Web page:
The sweetest way to slay metabolic syndrome

High blood pressure, high blood sugar, excess belly fat and high cholesterol are incredibly common.

They’re so common that you may not even bat an eye if you or your spouse deals with a few of these conditions. Who doesn’t nowadays?

Even worse, you may not realize that when you have three or more of these conditions together, they become a dangerous “syndrome” known as metabolic syndrome. About 30 percent of adults in the U.S. have this syndrome.

And don’t fool yourself into thinking that just because metabolic syndrome is considered a “syndrome” and not a “disease” it’s no big deal. It’s a very big deal. It puts you at a higher risk for serious health issues like heart disease, stroke and diabetes.

So now that we’ve established the seriousness of the situation, the question is… what can you do about it?

Well, whether you’re already dealing with metabolic syndrome or you’re on the verge of developing it, the future of your health largely depends on what you’re eating… and what you’re not…

Sugar, for example, is enemy number one in the fight against metabolic syndrome.

If you can cut (or drastically reduce) sugar from your diet, you’ll tame the high blood pressure, high blood sugar, excess belly fat and high cholesterol that are putting you in danger of developing metabolic syndrome and possibly other serious diseases.

But don’t worry. Cutting back on sugar doesn’t mean life can’t be sweet. There’s a natural sugar alternative that could be a sweet yet simple solution to this very serious syndrome…

Stevia solves your metabolic problems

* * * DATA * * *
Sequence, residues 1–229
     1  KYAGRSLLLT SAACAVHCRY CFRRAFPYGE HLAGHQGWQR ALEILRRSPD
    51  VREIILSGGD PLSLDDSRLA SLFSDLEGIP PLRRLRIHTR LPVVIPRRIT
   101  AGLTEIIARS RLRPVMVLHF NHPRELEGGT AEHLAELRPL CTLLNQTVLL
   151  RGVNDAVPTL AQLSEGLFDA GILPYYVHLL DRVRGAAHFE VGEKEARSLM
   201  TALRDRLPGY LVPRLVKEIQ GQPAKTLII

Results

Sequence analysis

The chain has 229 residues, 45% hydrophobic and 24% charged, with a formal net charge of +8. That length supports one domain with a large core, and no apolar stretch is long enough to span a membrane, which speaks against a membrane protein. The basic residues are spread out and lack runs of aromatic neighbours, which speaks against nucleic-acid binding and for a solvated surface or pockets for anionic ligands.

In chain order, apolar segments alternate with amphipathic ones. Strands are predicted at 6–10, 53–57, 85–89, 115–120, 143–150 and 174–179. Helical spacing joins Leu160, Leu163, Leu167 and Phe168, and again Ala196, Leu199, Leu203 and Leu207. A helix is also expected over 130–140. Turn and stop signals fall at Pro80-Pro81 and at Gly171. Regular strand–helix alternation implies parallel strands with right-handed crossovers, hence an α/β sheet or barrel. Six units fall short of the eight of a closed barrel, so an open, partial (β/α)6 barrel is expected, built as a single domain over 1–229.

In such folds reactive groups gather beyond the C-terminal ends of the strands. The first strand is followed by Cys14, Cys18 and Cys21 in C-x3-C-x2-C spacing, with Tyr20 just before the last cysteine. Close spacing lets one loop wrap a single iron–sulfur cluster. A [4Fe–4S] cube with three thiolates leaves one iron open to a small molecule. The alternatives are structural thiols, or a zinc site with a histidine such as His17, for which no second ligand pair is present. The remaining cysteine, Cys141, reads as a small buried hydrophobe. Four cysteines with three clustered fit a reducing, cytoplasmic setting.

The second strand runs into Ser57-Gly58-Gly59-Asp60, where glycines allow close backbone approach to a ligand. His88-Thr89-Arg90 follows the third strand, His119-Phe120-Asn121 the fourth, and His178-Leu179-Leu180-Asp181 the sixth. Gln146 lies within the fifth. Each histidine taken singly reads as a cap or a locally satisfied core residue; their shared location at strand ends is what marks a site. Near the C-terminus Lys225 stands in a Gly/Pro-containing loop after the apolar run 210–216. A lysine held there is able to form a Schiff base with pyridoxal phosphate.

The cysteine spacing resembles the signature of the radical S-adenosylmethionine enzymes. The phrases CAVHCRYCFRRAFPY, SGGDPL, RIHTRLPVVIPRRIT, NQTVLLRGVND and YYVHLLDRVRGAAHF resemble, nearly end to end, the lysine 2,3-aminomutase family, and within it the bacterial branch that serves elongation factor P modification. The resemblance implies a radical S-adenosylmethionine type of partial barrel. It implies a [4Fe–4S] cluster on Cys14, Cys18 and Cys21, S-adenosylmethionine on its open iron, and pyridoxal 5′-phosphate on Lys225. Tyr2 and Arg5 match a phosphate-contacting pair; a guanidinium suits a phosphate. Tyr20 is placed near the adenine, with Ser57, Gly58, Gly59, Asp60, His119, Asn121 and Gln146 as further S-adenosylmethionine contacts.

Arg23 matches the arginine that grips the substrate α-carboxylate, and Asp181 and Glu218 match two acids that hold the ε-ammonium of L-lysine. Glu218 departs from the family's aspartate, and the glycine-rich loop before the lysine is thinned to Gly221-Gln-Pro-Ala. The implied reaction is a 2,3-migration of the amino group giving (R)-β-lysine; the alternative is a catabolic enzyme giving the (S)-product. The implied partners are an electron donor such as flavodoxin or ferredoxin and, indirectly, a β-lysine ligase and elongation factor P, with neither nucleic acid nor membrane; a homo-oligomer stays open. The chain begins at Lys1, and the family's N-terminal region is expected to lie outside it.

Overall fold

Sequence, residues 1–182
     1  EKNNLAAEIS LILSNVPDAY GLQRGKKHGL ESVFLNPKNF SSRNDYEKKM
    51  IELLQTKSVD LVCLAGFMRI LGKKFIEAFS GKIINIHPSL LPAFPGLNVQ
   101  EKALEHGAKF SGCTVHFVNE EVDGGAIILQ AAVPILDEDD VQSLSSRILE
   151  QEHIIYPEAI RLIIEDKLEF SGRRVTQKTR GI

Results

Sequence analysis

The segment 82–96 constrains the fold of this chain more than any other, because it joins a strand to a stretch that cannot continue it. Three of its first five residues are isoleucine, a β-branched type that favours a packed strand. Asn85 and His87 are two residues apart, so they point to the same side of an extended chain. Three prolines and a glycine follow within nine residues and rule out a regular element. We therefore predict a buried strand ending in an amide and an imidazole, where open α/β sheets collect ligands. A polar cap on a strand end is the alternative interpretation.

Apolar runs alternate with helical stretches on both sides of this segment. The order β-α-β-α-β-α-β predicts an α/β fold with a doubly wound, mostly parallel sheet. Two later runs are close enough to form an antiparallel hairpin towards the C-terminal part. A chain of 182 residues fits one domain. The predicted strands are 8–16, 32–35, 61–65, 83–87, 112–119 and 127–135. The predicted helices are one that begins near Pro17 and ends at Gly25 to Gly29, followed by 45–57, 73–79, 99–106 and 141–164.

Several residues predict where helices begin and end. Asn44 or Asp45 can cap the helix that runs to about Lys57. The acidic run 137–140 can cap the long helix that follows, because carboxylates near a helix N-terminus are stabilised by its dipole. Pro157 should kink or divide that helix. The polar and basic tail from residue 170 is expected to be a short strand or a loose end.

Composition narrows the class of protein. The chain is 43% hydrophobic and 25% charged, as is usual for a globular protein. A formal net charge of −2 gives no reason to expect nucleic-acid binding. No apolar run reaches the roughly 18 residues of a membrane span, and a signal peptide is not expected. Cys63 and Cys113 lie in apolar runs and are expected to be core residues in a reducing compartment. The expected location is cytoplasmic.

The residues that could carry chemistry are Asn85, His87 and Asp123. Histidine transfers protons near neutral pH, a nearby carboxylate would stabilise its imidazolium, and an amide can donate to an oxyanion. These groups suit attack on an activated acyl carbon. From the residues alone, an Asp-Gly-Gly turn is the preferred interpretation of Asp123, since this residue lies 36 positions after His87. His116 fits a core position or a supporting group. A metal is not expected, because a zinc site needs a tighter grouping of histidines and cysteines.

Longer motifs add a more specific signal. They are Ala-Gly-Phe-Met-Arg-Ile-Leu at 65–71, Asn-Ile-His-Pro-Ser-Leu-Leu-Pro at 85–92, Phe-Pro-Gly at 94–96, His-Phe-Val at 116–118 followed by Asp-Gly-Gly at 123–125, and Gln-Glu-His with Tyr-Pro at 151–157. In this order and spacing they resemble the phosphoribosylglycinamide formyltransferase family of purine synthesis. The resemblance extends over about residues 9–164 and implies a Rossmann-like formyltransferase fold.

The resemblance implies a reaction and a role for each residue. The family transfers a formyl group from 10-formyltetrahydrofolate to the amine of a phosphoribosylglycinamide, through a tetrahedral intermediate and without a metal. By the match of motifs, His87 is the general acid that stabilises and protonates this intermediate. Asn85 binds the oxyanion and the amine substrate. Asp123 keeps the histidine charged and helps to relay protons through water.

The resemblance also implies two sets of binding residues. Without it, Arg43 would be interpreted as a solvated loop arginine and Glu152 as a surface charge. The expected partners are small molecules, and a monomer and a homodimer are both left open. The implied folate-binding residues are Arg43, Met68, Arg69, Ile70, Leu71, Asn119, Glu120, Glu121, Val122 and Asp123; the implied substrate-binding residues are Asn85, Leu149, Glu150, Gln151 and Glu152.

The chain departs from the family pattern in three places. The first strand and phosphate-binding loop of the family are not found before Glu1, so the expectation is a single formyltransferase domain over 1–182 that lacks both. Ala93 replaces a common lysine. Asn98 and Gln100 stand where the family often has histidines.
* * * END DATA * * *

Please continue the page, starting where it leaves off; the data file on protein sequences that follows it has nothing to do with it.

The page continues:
Researchers from the Autonomous University of Yucatan and the National Institute for Forest, Agronomic, and Livestock Research in Mexico found that the natural, calorie-free sweetener stevia could help prevent metabolic syndrome.

In their study, these researchers gave lab rats stevia in place of sugar for 10-days. This helped the rats reduce their calorie-intake and lose weight.

Researchers also closely examined several components of the stevia plant and determined that these compounds have the potential to fight and treat obesity, diabetes, hypertension and dyslipidemia (high cholesterol) — all conditions associated with metabolic syndrome.

On top of all that, researchers noted that stevia contains healthy phytochemicals like phenols and flavonoids, which are helpful in burning fat and fighting inflammation.

So stevia sounds like a pretty good alternative to sugar for people battling metabolic syndrome. But it gets even better…

Previous studies have proven that stevia helps control blood sugar in people. And a study that came out earlier this year helped explain why…

In this study, researchers from the University of Leuven, Belgium found that two active compounds in stevia, stevioside and steviol, impact an ion channel (a microscopic pathway in your cells) that ensures your pancreas releases enough insulin after every meal. In fact, researchers found that mice who ate an unhealthy diet never developed diabetes as long as they were also consuming stevioside.